Dracaena Surculosa – Tips for Growing Dracaena Gold Dust Plant

Dracaena surculosa is a gorgeous plant. It has glossy green leaves and white and yellow splotches over the leaf surface.  One can easily see from this photo why it has the common name Dracaena Gold Dust.Dracaena Surculosa "Gold Dust"

Botanical facts about Dracaena Surculosa

Dracaena surculosa is native to the western tropical Africa rain forest region.

Family: Asparagaceae
Genus: Dracaena
Species: surculosa 
Common Names: Dracaena Gold dust, Japanese Bamboo, Gold Dust Plant, Spotted Leaf Dracaena.

Dracaena Gold Dust Makes a Great Indoor Plant

Dracaena plants are commonly used as indoor plants, especially for those that have limited light in their homes. Japanese bamboo plant There are about 40 dracaena plant types (mainly shrubs and small trees) in the family and they are known as rugged, low maintenance house plants.

Dracaena Surculosa Plant Care.

This care tips graphic shows how easy this house plant is to grow.
Dracaema Surculosa Care cardThis sturdy houseplant easy to care for. It is a slow-growing evergreen plant that is normally grown for its beautiful variegated foliage. Keep these tips in mind for its care.

Sunlight Needs for dracaena

This house plant likes bright, filtered light, which makes it a great indoor plant. But it can also tolerate lower light conditions.  The more light the plant receives, the better the variegation of the foliage there will be.

However, keep out of direct sunlight. Too little or too much light will result in leaf drop.
Dracena gold dust plant

Outdoors, the plant can tolerate a bit more shade and loves to spend the summer outside in a shady sheltered spot.

When to water gold dust house plant

Water dracaena gold dust 1-2 times a week, or when the soil is dry down to about the first knuckle. Don’t over water. A well draining potting soil is essential for the plant.

Dracaena does not like wet feet.  Water less in the winter months when the plant is in a dormant period and does not grow much.Growing Gold Dust Plant

Fertilization needs for Japanese bamboo

Use an all purpose plant food once a month during the growing season.  Stop fertilizing during the winter months.

Flowers and Leaves of Spotted Leaf Dracaena

The foliage of this variety of dracaena is glossy green with pointed leaf tips on bamboo like stems. 

If your light conditions are good, the leaves of the plant will be covered in yellow spots, giving it the common name “gold dust.”Leaves of spotted dracaena plant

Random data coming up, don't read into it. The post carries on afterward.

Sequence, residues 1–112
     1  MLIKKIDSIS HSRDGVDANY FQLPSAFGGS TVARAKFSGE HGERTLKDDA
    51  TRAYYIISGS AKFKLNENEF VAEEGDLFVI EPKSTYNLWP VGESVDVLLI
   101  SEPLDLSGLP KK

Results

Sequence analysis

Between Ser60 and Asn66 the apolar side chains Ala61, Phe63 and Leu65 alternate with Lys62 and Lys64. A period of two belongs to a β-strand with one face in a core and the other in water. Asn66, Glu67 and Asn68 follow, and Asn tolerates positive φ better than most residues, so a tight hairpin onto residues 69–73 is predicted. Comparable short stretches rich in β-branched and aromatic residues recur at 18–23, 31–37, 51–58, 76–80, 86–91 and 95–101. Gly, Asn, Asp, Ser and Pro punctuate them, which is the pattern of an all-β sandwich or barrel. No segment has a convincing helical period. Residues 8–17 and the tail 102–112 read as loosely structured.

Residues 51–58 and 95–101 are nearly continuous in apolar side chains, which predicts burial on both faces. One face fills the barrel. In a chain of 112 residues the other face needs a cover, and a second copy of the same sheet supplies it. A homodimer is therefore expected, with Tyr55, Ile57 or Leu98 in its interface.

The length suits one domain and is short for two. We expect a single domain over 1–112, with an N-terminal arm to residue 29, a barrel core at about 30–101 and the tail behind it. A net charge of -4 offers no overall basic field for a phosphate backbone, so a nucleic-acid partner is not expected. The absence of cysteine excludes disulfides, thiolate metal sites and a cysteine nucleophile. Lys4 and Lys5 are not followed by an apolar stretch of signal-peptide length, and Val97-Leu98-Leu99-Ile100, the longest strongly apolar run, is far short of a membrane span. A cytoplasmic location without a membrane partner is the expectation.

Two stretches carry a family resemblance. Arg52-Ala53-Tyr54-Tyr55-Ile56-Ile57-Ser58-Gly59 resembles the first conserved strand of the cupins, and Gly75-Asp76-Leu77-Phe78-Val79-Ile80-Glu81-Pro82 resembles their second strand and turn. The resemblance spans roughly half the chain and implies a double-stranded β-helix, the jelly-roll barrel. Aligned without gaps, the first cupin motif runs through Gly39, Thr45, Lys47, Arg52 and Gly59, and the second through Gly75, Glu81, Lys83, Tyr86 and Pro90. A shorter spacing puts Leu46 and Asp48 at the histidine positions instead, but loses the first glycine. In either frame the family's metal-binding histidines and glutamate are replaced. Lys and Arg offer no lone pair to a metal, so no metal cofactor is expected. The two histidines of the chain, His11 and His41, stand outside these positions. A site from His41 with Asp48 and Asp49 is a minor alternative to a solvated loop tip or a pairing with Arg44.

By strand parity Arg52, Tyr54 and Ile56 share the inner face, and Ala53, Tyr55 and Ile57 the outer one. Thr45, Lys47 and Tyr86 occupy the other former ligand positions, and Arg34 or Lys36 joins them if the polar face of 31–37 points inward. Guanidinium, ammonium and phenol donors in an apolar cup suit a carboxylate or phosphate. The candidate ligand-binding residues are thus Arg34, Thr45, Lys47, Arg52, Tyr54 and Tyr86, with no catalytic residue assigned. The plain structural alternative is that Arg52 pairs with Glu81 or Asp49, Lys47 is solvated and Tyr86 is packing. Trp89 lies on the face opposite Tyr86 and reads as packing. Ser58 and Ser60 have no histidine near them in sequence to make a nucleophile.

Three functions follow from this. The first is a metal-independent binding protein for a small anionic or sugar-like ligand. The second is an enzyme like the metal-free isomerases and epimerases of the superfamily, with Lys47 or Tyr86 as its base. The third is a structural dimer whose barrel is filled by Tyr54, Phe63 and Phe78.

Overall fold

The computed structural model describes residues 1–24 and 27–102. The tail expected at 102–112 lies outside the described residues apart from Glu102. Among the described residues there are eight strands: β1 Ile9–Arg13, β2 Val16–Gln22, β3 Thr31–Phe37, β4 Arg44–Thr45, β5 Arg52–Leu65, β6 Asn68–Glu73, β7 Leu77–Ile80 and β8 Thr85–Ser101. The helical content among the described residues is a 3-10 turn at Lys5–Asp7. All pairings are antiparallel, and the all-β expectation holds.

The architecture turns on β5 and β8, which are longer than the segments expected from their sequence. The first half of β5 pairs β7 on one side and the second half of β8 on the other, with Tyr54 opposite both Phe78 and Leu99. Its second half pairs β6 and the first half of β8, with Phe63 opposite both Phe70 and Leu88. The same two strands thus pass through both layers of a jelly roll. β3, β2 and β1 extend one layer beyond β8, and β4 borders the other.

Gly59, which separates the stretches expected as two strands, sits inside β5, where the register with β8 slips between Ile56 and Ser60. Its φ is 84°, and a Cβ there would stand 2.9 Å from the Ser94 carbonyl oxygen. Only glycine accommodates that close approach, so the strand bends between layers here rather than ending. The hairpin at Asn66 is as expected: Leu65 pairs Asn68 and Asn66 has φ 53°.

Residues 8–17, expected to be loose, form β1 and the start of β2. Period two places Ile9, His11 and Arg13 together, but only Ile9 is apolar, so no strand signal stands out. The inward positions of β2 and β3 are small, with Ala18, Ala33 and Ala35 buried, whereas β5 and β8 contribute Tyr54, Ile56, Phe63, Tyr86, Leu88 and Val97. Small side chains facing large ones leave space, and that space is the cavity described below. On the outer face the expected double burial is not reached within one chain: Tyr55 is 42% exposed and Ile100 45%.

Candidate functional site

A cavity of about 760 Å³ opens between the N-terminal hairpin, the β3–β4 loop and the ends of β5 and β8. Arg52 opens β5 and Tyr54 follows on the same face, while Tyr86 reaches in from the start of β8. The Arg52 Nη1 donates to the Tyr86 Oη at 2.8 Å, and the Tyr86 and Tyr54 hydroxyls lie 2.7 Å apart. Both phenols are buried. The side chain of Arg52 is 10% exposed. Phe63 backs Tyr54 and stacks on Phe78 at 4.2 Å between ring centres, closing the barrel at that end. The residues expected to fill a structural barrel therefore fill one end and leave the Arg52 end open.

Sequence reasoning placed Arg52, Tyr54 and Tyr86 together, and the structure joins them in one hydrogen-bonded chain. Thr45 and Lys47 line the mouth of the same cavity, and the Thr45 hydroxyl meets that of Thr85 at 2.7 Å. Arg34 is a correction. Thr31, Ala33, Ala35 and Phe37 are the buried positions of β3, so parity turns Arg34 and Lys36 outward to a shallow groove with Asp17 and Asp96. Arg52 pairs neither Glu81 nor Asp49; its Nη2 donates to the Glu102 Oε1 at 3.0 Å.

It is very hard to get dracaena surculosa to flower indoors.  If you are in the warmer zones, where it will over winter outdoors, you may be rewarded with fragrant white flowers and red berries.Dracaena surculosa flowers

Temperature needs for gold dust dracaena

Dracaena can tolerate temperatures that range from 55-90 degrees F.  Ideal house temperatures are 65-70 degrees F.  It can take a low temperature down to 50 degrees F.

When to re-pot Japanese bamboo

In the spring, check to see if your plant is pot bound. Gently tip the root ball out of its container and see if it is a mass of roots. If so, it is time to re-pot into a larger pot.

Outdoors, roots will continue to grow into the surrounding soil, but plants grown in pots only have the soil that is in the container.  Once it starts to form a circle of roots on the bottom of the soil, it’s getting pot bound.

Pot bound root ball

Gently pry the roots out and pot in a new container about 1/3 larger. Add fresh potting soil and water lightly. This will allow for new growth in spring which is the beginning of the growing season.

Is it necessary to prune my Japanese Bamboo?

Generally it is not necessary to prune the plant. If you have it in a lower light situation, the plant may get tall and spindly as it reaches for light.

If this is the case, you can prune off about 1/3 of of the main stem. This will make it sprout new growth at the area of the cut and will make the plant more bushy.

Remove any discolored leaves to keep the plant healthy and pest free. Be on the lookout for spider mites, aphids and scale.

For more general information on pruning plants, see my pruning tips here.

You can use tender stem cuttings from the plant to propagate to get new plants for free. The plant can also be propagated by division of there is more than one crown.

Is dracaena surculosa toxic to pets?

Like most dracaena varieties, surculosa is mildly toxic to pets. The ASPCA lists in their list of plants poisonous to cats and dogs.

The problems with toxicity come from ingestion and reports indicate that it takes moderate to large amount of ingestion for symptoms to occur.

Dracaena surculosa contains saponins. These can cause drooling, vomiting, weakness and a lack of coordination in pets when ingested.  

Be on the look out for indications of abdominal pain, increased heart rate and weakness. With cats, look for dilated pupils and drooling.  All parts of the plant, including the flowers and berries, are mildly poisonous.